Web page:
Hill Times | 13Apr2016 | Oksana Bashuk Hepburn  [video; 05:19]

‘Responsible conviction’ should not mean rapprochement with Russia

Last month, Foreign Affairs Minister Stéphane Dion outlined the main thrust of Canada’s foreign policy. The emphasis is on fighting climate change, United Nations peacekeeping, post-conflict reconstruction efforts, women and refugees.

It’s also on re-engagement -- solving political differences by talking them through -- a Canadian way that works in some cases, but not in others.

In a destabilized world where dictators sow terror at home and abroad, reaching out is not enough. In this context Mr. Dion’s intent to re-engage with autocrats whom Canada has been shunning for disrupting global peace and security sounds hokey. Similarly, his focus on post-conflict reconstruction and refugees are the after-the-fact response to horrific acts, rather than a strategy to stop rogue leaders.

True, thanks to punishing sanctions, some dictatorships, like Iran, are moving forward and this warrants re-engagement. But not all.

President Vladimir Putin’s Russia is a warmongering state with blood and destruction on its hands. Under his regime, dozens of journalists and political activists have been murdered. His government has waged war in Ukraine and Georgia and obliterated Chechnya. It suppresses free press and opposition, promotes hate propaganda on RT, and assists autocrats in countries like North Korea and Syria. Russia destabilizes Europe and the Middle East. There is no contrition or letting up.

Rapprochement with Putin can’t possibly be a Canadian value or bring positive results even if it’s done with “responsible conviction.” Without a willingness to change by Russia, talk and re-engagement -- cornerstones of Mr. Dion’s policy -- become shameful capitulations to Canada’s pro-Putin interests and their business-at-any-cost greed. When it comes to Russia, the minister’s guiding principle for Canada to be “a fair-minded and determined peacebuilder” is misguided.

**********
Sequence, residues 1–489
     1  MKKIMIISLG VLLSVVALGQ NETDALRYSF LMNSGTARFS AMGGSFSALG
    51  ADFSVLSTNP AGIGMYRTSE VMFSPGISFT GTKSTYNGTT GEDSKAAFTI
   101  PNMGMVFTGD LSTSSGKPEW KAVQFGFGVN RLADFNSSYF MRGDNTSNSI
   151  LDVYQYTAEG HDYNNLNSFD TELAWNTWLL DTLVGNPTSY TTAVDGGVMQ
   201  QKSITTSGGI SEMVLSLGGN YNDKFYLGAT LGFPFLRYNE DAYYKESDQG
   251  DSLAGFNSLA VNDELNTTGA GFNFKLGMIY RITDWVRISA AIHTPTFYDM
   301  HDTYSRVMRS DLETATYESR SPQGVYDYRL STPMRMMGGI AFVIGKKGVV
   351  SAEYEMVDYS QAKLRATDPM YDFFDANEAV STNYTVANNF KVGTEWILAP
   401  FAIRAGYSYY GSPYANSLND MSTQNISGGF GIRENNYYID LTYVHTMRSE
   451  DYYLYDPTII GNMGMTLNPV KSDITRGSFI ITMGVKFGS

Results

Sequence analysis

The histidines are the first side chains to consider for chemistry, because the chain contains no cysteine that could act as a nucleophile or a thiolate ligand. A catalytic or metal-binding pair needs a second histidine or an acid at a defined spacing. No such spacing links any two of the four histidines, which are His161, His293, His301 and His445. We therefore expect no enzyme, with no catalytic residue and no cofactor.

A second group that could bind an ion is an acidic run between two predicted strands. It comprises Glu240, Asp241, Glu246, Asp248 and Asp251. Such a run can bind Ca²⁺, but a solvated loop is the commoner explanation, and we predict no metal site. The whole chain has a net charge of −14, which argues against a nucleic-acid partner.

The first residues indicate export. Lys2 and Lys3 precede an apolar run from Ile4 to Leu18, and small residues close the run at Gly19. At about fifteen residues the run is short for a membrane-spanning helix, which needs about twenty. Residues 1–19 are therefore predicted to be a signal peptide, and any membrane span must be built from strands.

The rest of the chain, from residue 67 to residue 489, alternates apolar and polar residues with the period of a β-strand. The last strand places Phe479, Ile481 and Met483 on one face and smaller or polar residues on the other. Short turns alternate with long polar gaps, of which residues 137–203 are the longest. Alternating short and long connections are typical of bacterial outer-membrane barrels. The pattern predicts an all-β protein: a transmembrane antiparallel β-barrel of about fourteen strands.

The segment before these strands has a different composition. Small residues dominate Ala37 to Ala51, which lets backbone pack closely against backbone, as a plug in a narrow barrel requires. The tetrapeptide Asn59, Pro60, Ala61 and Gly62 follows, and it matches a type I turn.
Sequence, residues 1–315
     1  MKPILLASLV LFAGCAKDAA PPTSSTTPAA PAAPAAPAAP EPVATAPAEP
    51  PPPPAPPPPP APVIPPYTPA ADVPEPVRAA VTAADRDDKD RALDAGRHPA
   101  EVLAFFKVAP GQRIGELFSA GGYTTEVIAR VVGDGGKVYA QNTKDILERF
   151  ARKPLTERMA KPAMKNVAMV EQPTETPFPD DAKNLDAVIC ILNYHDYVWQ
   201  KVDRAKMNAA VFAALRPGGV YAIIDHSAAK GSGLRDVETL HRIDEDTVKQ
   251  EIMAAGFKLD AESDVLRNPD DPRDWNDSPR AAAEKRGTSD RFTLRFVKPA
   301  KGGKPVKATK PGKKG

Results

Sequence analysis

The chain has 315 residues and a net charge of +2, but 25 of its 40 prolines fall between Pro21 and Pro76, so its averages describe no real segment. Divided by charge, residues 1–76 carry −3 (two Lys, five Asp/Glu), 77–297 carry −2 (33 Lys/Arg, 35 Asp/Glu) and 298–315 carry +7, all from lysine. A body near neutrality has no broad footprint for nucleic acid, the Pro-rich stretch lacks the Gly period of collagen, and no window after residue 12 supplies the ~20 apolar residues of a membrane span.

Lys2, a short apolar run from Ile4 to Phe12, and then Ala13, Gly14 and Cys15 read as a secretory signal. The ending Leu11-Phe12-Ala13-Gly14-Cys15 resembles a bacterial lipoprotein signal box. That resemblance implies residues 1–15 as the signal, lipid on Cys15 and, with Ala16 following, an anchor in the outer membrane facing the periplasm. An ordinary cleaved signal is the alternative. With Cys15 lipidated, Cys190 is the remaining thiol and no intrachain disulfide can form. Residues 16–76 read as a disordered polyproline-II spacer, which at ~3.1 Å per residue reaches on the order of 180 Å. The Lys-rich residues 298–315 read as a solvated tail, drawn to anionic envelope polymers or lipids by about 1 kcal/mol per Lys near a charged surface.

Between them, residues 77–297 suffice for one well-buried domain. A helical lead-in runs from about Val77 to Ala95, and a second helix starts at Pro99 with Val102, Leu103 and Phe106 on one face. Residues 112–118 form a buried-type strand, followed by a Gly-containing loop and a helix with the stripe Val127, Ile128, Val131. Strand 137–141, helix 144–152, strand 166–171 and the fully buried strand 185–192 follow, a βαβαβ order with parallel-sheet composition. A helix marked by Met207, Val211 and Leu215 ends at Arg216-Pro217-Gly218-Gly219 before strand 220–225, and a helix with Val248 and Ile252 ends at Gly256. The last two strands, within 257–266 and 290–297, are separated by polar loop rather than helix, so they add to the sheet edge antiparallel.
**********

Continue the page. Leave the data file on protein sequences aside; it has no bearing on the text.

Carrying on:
Regrettably, Canada’s policy of engagement with Russia reads like the peace-at-any-price offer by Neville Chamberlain to Hitler. Ultimately, the appeasement led to the Second World War.
Re-engagement must not be one-sided. Russia must pay a price for the grief and destruction it has sowed. To have better relations with Canada, Mr. Putin’s Russia must adhere to international law and agreements it has signed.

Mr. Dion argues that non-engagement with Russia did not help Ukraine or Canada in the Arctic. This is partially true. It would be beneficial to re-engage, if Russia were a trustworthy neighbour. It is not. Canada’s engagement was limited because Russia invaded neighbouring Ukraine, destroying life and property, demanding peace then breaking it in order to pursue its imperialistic objectives.

Meanwhile in the Arctic, it’s flexing its muscles with some 30,000 personnel manoeuvres and building a fleet of 14 icebreakers. Is it preparing for more than just talk?

It’s hard not to grimace at Mr. Dion’s assurances that Canada will have its “eyes open” in re-establishing communications with Russia. The words conjure an image of a wide-eyed kitten discussing jurisdiction over the Arctic with a crazed bear.

Of course, Russia is happy to re-engage providing it’s not at its own cost -- even better if the talk ends punishing sanctions or at least halts any increases. The best scenario for Russia is engagement that allows it to pursue its own goals, as it did in Syria.

Russia commented on Mr. Dion’s foreign policy. It blamed Canada for its “self-isolation” without taking any responsibility for the chaos that prompted it, and offered a threat rather than a thank-you for Mr. Dion’s efforts: “unfriendly steps…will be met with resolve and reciprocity.”

Since the Liberals were last in power, the world has destabilized significantly, much of it due to Russia’s belligerence. Yet some high-profile Canadians with business interests in Russia, or a desire to have them, have urged Canada to re-engage. Such advice is self-serving, indeed dangerous to Canada, yet it has become Mr. Dion’s policy. It is already being acted out.

Global Affairs Canada is engaged in a trade mission to Ukraine in concert with the Canada Eurasia Russia Business Association, a pro-Putin entity. It’s surprising that Mr. Dion sanctioned a mission comprising pro-Russia interests to explore Ukraine’s sensitive aerospace sector. Did his staffers forget Russia is waging war against Ukraine?

Meanwhile, the Canada-Ukraine Chamber of Commerce, which together with the Conference Board of Canada is managing a multi-million-dollar project to promote Canada’s investment in Ukraine, is not involved in the mission.

Most democratically minded Canadians agree that Russia is a terrorist state and the greatest adversary of the free world, including Canada. Mr. Dion’s foreign policy is frightfully out of line with this reality. It needs re-thinking.

Oksana Bashuk Hepburn is a former policy adviser to the Canadian government.

The Hill Times